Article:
Reviewed by Colin Jacobson (May 16, 2005)
Although it took quite a while to get any Seinfeld episodes on DVD, the folks behind the series seem to be making up for lost time. About six months after the initial packages, here comes Season Four.
These shows will be discussed in their production order, which is the way in which they appear on the DVDs. The plot synopses come from the DVD’s packaging. They’re short, but at least they avoid spoilers.
The Trip, Part 1: “When Jerry (Jerry Seinfeld) is booked to appear on The Tonight Show, he takes George (Jason Alexander) with him to Los Angeles to search for Kramer (Michael Richards). George and Jerry are unaware that Kramer is in trouble as a victim of mistaken identity.”
For my thoughts on this show, head to the next discussion.
The Trip, Part 2: “Jerry and George discover that Kramer is suspected as the serial killer known as ‘The Smog Strangler’”.
Season Four starts on an unusual note with “The Trip”. For the first time since the pilot episode, Julia Louis-Dreyfus fails to appear; she was off due to pregnancy. In addition, the whole Kramer plot almost feels like a spin-off program, as it looks at Kramer in an atypical manner outside of the standard element. The show works well despite the different circumstances and provides a lot of laughs
The Pitch/The Ticket (one-hour episode): “NBC executives approach Jerry to write a sitcom pilot. George joins him in the venture and pitches a show about ‘nothing’. Crazy Joe Davola (Peter Crombie) stalks Jerry and Kramer. Newman (Wayne Knight) uses Kramer as a witness to get out of a speeding ticket.”
Folks have referred to Seinfeld as a series about “nothing” for years, and I think this is the episode that led to that moniker. The show becomes rather self-referential, which could turn cute, but that never happens. Instead, it balances those elements neatly, and the oddball Kramer subplot is also terrific. The only negative comes from the continued absence of Louis-Dreyfus; Elaine pops up in a couple of short inserts, but she plays no real role in the show.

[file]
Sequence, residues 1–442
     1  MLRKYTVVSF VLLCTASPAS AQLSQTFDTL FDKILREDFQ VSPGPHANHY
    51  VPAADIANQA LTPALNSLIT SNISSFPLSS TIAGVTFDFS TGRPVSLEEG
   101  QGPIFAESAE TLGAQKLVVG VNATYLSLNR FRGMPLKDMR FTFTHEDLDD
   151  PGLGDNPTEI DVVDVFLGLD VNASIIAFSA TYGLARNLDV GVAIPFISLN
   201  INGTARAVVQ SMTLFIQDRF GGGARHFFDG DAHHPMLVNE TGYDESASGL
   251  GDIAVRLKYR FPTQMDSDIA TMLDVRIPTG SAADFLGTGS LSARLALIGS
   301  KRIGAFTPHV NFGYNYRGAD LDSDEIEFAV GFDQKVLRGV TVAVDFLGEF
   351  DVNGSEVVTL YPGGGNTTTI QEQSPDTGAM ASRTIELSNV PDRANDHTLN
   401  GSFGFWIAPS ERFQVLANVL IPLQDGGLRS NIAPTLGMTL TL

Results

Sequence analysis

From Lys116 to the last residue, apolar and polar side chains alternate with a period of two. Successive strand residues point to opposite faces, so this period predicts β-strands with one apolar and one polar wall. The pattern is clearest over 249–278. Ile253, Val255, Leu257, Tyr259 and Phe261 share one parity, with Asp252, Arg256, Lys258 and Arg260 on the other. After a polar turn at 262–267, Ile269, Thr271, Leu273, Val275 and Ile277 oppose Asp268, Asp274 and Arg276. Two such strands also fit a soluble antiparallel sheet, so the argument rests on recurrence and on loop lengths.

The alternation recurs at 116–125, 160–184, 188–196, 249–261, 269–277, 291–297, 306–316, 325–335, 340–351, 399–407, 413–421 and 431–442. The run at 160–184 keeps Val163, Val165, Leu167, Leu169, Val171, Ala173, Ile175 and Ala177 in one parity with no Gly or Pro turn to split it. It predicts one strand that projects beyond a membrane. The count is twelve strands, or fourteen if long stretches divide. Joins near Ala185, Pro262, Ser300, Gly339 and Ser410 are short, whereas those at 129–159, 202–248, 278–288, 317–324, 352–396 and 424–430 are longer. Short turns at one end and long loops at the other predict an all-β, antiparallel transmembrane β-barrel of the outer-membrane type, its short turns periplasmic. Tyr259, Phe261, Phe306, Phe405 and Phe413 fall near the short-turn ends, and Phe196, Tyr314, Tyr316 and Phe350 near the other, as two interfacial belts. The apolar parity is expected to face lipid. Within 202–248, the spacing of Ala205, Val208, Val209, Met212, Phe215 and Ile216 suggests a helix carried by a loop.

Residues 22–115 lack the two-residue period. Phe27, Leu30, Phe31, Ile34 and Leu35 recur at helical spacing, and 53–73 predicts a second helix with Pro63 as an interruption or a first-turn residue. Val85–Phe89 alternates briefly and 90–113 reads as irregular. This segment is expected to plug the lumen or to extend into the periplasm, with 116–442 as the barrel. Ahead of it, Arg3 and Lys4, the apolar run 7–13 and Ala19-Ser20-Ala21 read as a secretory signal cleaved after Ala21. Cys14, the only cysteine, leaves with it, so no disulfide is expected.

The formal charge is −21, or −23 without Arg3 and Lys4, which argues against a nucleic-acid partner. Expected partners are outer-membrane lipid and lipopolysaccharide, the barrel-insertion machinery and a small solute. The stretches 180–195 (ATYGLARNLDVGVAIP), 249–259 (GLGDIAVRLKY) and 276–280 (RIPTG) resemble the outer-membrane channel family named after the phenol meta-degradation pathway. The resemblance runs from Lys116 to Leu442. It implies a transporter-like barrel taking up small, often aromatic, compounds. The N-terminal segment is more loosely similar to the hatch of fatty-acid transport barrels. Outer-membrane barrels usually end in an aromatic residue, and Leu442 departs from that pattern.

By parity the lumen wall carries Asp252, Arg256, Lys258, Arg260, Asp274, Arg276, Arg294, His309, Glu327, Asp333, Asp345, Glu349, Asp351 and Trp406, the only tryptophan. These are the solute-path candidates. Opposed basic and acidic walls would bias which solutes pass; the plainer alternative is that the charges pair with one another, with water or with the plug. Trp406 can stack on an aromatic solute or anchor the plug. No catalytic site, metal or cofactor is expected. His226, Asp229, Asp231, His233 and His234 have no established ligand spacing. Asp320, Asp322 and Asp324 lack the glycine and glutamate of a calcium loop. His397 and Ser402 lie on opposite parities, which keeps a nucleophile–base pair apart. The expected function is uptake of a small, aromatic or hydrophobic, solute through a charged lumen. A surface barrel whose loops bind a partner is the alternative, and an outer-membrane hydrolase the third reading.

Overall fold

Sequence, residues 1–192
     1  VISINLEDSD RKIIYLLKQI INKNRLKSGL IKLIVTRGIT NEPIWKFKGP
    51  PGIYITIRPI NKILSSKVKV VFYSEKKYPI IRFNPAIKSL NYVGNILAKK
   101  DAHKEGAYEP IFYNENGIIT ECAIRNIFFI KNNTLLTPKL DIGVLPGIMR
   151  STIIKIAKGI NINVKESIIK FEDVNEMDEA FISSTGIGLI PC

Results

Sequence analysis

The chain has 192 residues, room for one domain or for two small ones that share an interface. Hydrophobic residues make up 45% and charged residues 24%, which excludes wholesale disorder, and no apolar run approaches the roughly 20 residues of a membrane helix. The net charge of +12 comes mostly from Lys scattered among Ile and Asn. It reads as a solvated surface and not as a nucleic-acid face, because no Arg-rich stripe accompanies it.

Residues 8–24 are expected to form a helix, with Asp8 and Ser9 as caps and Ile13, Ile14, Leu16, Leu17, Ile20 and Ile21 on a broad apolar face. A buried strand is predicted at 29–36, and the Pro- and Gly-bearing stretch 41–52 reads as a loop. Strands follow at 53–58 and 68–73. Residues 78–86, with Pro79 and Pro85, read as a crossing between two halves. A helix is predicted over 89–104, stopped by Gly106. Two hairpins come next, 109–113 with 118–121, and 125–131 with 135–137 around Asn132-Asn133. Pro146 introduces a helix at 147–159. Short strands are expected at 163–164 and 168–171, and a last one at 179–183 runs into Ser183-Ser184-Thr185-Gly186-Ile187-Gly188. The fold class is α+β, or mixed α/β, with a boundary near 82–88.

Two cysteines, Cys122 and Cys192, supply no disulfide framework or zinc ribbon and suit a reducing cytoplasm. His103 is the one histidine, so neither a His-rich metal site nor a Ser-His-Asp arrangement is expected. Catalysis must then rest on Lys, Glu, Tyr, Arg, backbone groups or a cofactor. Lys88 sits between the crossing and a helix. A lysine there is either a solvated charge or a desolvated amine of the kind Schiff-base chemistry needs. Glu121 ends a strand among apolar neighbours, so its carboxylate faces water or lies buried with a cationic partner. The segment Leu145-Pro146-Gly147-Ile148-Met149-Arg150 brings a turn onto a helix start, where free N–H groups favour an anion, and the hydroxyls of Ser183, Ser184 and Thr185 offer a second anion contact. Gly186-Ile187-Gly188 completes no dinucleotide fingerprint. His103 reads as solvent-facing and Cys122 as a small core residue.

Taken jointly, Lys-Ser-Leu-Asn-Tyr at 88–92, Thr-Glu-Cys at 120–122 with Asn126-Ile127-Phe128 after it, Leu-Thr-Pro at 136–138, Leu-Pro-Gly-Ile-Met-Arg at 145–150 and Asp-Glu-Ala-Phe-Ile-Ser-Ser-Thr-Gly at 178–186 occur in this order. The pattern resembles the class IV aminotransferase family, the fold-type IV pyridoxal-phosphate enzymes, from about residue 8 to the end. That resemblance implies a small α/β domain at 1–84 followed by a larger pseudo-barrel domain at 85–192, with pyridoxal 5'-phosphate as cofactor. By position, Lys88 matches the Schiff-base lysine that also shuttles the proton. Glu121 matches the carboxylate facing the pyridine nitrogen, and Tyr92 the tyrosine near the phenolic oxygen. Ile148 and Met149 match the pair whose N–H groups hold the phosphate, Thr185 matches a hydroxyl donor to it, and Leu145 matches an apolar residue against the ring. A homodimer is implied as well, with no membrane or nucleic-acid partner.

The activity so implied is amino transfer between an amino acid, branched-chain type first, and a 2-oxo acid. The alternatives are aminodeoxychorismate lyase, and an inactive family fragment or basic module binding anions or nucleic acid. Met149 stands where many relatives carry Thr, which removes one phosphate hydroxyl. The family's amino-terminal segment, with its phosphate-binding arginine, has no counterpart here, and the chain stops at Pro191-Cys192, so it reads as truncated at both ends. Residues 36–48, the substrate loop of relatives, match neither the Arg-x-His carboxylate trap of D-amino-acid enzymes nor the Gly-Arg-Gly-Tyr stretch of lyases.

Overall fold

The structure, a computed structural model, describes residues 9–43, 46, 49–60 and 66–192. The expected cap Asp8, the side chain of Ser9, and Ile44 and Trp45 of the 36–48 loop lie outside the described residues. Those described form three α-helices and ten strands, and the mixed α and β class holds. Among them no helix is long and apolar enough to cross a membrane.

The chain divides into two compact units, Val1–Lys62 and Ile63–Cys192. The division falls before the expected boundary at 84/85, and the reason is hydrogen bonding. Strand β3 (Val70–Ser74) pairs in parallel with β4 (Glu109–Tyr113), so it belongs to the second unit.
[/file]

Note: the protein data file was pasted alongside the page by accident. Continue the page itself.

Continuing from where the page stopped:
The Wallet: “Jerry has to explain to his parents why he isn’t wearing the watch they game him, which he threw in the trash. Morty (Barney Martin) thinks his wallet was stolen at the doctor’s office. George negotiates his way out of the NBC pilot deal.”
Cocky George is funny George, though probably not as funny as insecure and panicked George. We get him in both modes in this good program. It’s also fun to see Jerry’s parents again along with the ever-reliable Uncle Leo. Louis-Dreyfus finally returns as well, at least for the show’s second half.
The Watch: “Jerry tries to buy his watch back from Uncle Leo (Len Lesser) to appease his parents. Meanwhile, George pleads with the NBC executives to reconsider their pilot deal. Elaine (Julia Louis-Dreyfus) enlists Kramer in a plan to break up with Dr. Reston (Stephen McHattie).”
Geez, this season’s lousy with two-part episodes! First “The Trip”, then the extended “Pitch/Ticket”, and now the twofer of “The Wallet” and “The Watch”. Unsurprisingly, this is another good show. It includes one of my favorite lines: when George tells Susan he can’t be insulted, he claims “You can call me ‘baldy’! You can pour soup on my head!” Although I maintain a full head of hair - and really would rather not have anyone dump broth on my noggin - I use this line frequently.
The Bubble Boy: “Jerry agrees to visit a bubble boy on the way to a cabin in the woods. But Jerry and Elaine get lost and George winds up fighting the bubble boy. Meanwhile, Kramer appears at the cabin and wreaks havoc.”
Another classic episode, one that brought the concept of “The Moops” to the public consciousness. Seinfeld handled outrageous ideas like a Bubble Boy and made them work while the show avoided becoming silly or inane. The Bubble Boy’s great because he contrasts with the usual portrayal of such impaired characters. Normally he’d be likable and endearing, but Donald the Bubble Boy is about the least pleasant character one can imagine. The show also connects with situations we’ve all experienced. I remember when I dated a woman with an annoying laugh almost as bad as Naomi’s, so this program hit home.
The Cheever Letters: “Jerry offends Elaine’s assistant (Lisa Malkiewicz) with the ‘panty remark’. Kramer makes a new contact for his Cuban cigars. A box of letters from John Cheever is all that remains after the Ross cabin burns down.”
When I see this episode’s title, I always think I don’t care for it. There’s something about the program’s title theme that disagrees with me. However, I neglect to recall its many hilarious moments. From the reveal of the cabin’s status to Jerry’s dirty talk to Grace Zabriskie’s inspired performance as Susan’s mom, it’s a strong show, no matter how I recall it.